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Taming the technology beast…by ignoring it (kind of)

tech dog

Confession time….I removed all alerts, pop ups, notifications and dings from my phone and laptop. WHAT??!?!?!?! But, but… How do you??!?

Yes, it’s true. About a year ago, I realized that a source of stress in my life was staring back at me in the form of emails, messages and alerts from apps (including social media). Sadly, it took going on a beach vacation to realize it. By leaving the phone in the hotel room, it forced me to be present and enjoy the beach. Once I got home, I took the plunge and decided that I need to control technology, not the other way around.

In a few simple steps, my phone was now a device I didn’t dread picking up and I controlled which apps and notifications got my attention. Same for my laptop. I figure that I spent many years being an adult without a smart phone or laptop and I started working at a time when faxes ruled (like totally!).

You know what happened? Nobody got mad at me. The world didn’t implode. I didn’t miss anything important. When it was time to devote attention (not as a distraction – big difference) to an app or message or social media post, I could do it without guilt or the feeling that I was avoiding something else.

What does this mean for me now? I use time blocking to organize my administrative work and I have a sequence I follow so that all alerts and notifications get my full attention. The critical distinction is that I control when and where my attention is aimed vs. the Pavlovian response to every little ding and bong emitted by social media, apps or email accounts. And, if you have personal accounts in addition to business accounts, they multiply quickly don’t they?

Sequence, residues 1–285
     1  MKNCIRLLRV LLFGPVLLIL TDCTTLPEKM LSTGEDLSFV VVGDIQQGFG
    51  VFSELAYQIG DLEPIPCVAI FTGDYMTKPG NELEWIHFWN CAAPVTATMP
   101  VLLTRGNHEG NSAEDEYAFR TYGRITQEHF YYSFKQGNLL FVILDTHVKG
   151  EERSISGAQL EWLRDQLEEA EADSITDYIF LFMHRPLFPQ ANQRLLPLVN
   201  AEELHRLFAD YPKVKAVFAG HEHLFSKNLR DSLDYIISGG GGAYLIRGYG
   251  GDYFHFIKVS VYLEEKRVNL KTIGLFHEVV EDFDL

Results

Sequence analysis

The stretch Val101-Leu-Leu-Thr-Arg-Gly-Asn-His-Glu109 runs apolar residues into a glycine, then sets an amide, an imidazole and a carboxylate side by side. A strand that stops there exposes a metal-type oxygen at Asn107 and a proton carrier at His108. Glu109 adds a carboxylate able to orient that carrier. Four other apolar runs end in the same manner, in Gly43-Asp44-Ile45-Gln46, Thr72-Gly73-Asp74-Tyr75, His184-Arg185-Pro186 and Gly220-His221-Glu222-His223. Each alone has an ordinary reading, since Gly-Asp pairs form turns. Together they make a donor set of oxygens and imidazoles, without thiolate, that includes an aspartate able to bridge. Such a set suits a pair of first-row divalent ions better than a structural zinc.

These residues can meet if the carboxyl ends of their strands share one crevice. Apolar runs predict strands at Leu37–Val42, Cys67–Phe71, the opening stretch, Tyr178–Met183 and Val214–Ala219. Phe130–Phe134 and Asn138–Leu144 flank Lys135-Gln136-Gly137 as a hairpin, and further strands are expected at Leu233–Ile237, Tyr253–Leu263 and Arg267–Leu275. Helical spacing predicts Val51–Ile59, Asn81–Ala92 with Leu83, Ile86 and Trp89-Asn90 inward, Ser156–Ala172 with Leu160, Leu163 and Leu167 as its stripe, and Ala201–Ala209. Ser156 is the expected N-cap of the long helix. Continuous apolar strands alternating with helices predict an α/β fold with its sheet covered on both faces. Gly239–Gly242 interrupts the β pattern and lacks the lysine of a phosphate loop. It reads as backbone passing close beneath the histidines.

Now, does this mean I am unreachable unless it’s “time” for that particular task or app? No not at all. The key to making this work is to be disciplined in the WHEN and HOW you interact with your accounts on social media, apps and email. Obviously, my business accounts are a top priority and I feel that I’m more responsive and effective operating this way.

In addition to my ban on notifications, and to make the most of the time I have and not feel creeping dread, here are a few apps that I think are essential to being more organized:

  • Dropbox – essential document and file sharing site
  • Mint – budget tracker and bill payer
  • Pocket – perfect for commutes or any time you can finally read those articles you bookmarked
  • Google Keep – a note taking app that’s elegant for its simplicity and ease of use
  • Shoeboxed – scan those receipts and throw them out

The line for you may be different but many people share with me that they are drowning in technology. The average person spends about 24 hours a week online. That’s a part time job!

I’m a big proponent of leveraging technology to be more productive and effective in our lives. It doesn’t matter what you do, technology has enhanced our lives and output. Until it doesn’t.

What are some of your favorite apps or tools to be more organizer and not drown in technology? Would a total notification ban work for you? I’m all ears!

This Post Has 3 Comments

  1. The only notifications I have set on my phone are for texts, Facebook messages, and weather alerts. I have them set for Facebook because I belong to a give-and-receive group where members offer items they no longer need, and if someone wants something I have, I want to respond while they’re still online. Fortunately, it’s not often enough to be a big distraction.

  2. Disabling notifications and setting time limits makes a world of difference.. I decide when to interact or abstain!!

  3. I think it makes a world of difference to control your digital leash! Glad I’m not the only one. 🙂

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